At the conclusion of the war, CAPA became the main instigators in persuading the Royal Automobile Club (RAC) to run a new Hillclimb championship series in which motor regulations would be restricted to a total of 500cc. The 500 class would restrict the engine type to that of a motorcycle engine which was aimed at reducing the dominance of manufacturers such as ERA and Alta. Motorsport was left in a bad way at the end of the war and Formula 500 was the first series to commence racing once again in the country.
In an article for the magazine, Iota, which was owned by CAPA, Fry authored the operational history of the Freikaiserwagen between 1936 and 1947.
In 1947, alongside Jim Bosisto and Dick Caesar, he founded the Gordano Car Company. The company produced and ran the prototype for their first Gordano sportscar in 1948. However the project collapsed upon Fry's death in 1950.
During 1950, another car project that the Fry's were developing was the secretive "1864 job". Robin Jackson was designing a new competition Hillclimb car which would include a Citroën chassis with an Alfa Romeo engine. The car was expected to dominate British Hillclimbing upon its completion, however after Fry's death, the project fell apart.
1939-1945: Second World War[edit | edit source]
At the outbreak of war, Fry joined the British Army in 1939. As he was highly educated he was placed into the Officer Cadet Training Unit (OCTU). During his time with the OCTU, he was stationed at Shorncliffe. Upon his graduation on the 18th January 1941, he was placed into the Corps of Royal Engineers as a 2nd Lieutenant. At the war's end, Fry received the 1939-1945 War Medal and the 1939-1945 Star.
1937-1950: British Hillclimb[edit | edit source]
Both Joe and David were the Freikaiserwagon's initial drivers, however it quickly became apparent that Joe was the fastest of the two. Due to David's large frame, he turned his attention to engineering the car with Joe becoming the primary driver.
The Freikaiserwagen demonstrated early form at the hands of Hugh Dunsterville and David Fry, before Joe whom until that point had a development driver had a run in the car. His first time trial came at the 1937 Shelsley Walsh where he ranked sixth fastest. At Boness, Fry broke the record during the practice, however noted "some nonsense with the gear selection spoiled the official run."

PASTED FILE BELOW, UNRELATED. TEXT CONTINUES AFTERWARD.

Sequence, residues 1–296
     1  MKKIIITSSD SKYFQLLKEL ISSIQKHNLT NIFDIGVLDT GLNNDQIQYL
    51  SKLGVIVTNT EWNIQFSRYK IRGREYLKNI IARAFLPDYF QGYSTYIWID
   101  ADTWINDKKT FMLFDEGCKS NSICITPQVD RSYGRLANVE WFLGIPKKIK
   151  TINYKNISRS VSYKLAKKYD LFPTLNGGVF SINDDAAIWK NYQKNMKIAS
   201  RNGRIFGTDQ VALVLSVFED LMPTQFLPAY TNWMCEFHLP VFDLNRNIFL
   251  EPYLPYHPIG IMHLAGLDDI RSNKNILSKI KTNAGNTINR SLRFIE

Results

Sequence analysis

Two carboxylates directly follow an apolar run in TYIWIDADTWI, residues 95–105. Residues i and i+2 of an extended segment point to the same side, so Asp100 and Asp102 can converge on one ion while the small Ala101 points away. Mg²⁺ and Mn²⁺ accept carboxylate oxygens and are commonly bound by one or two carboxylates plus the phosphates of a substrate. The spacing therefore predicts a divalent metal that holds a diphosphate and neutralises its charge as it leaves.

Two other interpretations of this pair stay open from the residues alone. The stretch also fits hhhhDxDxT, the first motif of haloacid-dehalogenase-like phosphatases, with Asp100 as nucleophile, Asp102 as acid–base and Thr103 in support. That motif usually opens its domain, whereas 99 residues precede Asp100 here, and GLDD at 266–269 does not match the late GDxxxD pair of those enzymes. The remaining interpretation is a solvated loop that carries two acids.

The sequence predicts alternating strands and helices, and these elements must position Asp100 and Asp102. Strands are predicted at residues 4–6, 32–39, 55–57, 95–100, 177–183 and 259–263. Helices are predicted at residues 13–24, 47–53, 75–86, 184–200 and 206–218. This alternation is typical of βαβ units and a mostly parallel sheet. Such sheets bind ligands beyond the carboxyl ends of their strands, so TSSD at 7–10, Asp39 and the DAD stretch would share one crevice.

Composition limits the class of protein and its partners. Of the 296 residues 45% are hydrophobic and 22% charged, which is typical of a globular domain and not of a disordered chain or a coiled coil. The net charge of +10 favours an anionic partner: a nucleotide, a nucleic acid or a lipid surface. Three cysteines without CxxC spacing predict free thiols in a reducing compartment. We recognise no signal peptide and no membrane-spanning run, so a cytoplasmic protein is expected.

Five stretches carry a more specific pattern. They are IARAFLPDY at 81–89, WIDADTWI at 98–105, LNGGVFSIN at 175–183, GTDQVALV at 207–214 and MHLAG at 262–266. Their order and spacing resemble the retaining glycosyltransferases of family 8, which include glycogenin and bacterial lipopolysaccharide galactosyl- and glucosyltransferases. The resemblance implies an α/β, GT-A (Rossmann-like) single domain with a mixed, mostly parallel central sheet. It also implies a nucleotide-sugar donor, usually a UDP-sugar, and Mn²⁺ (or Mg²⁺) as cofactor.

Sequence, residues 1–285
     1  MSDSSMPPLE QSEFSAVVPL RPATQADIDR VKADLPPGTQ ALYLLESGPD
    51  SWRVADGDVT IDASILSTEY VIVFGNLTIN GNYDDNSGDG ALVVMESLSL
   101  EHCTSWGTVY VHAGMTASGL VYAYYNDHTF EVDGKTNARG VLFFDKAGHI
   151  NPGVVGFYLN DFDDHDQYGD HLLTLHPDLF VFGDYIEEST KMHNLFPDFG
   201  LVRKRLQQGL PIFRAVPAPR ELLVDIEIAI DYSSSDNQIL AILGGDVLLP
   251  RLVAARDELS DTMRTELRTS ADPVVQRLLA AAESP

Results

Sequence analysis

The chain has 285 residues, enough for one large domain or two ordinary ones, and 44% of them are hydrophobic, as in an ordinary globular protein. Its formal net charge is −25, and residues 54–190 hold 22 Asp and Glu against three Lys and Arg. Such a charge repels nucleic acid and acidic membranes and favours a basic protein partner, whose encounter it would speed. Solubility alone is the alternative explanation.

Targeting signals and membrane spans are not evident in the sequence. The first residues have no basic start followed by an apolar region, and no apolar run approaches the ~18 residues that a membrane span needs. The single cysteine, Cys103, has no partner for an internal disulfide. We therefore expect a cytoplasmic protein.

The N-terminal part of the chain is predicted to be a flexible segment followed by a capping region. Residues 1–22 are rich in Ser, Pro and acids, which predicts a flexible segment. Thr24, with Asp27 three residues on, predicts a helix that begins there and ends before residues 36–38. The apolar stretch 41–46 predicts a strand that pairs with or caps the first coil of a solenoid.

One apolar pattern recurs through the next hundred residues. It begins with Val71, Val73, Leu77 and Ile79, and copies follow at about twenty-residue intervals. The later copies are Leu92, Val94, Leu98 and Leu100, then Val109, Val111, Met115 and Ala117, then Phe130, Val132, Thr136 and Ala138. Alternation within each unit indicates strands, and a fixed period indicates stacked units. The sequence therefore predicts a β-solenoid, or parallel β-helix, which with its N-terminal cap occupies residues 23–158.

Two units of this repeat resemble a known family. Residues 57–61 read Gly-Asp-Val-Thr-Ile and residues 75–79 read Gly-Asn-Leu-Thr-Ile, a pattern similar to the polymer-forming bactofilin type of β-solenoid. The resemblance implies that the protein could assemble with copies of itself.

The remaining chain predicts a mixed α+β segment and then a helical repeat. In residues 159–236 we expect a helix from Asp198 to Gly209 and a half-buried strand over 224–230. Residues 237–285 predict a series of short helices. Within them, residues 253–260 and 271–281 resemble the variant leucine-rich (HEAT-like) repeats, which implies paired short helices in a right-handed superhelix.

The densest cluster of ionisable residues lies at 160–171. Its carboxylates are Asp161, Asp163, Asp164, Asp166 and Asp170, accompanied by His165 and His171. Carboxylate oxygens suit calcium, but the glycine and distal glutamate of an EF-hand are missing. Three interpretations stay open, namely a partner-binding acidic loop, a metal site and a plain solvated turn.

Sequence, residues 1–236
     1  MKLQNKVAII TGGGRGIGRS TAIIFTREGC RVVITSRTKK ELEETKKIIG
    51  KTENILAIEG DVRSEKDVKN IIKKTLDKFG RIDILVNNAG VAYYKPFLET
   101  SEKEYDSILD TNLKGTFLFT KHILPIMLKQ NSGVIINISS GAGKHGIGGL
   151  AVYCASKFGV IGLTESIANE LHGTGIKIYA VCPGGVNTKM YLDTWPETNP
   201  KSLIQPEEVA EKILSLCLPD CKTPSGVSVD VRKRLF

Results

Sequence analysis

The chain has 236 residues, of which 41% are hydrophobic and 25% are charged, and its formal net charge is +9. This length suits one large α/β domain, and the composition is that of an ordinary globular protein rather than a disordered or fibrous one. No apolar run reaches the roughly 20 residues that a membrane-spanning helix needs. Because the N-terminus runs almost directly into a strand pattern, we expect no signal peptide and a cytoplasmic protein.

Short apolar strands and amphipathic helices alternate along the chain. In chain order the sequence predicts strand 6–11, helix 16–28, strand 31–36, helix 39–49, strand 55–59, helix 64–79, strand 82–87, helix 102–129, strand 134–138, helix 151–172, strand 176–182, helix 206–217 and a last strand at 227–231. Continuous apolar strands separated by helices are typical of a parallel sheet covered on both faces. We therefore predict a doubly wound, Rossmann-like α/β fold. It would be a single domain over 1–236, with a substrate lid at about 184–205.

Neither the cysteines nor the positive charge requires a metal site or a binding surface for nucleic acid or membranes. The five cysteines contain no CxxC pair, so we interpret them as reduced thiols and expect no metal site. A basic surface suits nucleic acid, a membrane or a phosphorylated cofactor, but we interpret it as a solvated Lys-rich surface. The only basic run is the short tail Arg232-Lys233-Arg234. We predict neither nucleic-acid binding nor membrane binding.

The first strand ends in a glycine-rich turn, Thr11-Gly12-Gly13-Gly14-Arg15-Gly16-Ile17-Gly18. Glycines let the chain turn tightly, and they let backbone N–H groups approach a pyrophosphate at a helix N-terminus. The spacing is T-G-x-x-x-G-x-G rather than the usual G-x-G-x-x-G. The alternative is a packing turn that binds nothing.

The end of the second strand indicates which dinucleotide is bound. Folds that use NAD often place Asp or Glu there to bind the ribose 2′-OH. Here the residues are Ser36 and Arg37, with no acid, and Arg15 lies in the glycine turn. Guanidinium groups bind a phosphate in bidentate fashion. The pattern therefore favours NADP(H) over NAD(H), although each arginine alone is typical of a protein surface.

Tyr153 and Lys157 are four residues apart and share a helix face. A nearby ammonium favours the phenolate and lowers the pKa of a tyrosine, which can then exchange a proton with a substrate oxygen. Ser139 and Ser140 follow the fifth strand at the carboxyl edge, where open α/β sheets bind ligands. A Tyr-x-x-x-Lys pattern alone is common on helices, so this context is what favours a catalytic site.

The Freikaiserwagen rose to prominence in 1938, at its first meeting Fry broke the record at Syston Park, only for Ian Connell in the Grand Prix ERA car to go immediately faster. At Shelsley Walsh, Joe set an astounding time to go fifth fastest, only slightly slower than the Grand Prix ERA, Frazer Nash and A7 cars. Joe appeared set to go even faster, however an engine misfire on his second run spoiled any improvement. Nonetheless Joe was commended for driving with "great calmness", although the day belonged to Raymond Mays in the ERA whom smashed the track record.
Fry then set the record at Prescott, however the results "did not count officially." At Wetherby, Fry set the fastest time for his class and was only four tenths slower than the winning, GP class Bugatti. At Backwell he achieved second fastest time of the day before at the final round of the championship, to which he noted "very stupidly drove into the woodwork on the inside of Orchard corner with a resounding smack on a practice run, doing no good to the front suspension and badly lozenging the chassis. So a successful season (literally) came to an end." It was an unfortunate result as he was described to have "unofficially bettered" the time of the event winner, George Abecassis in the Alta.
With the Freikaiserwagen out of action, Fry competed at the Backwell Hill Climb in 1939 with a Delahaye. However he notably struggled for competitiveness in this event. During the war he continued to compete in small events organised by the 750 Club in Gloucestershire in a Delahaye and an SS1. Fry promised the Freikaiserwagen would be more "potent" than ever before if he had the time to repair it.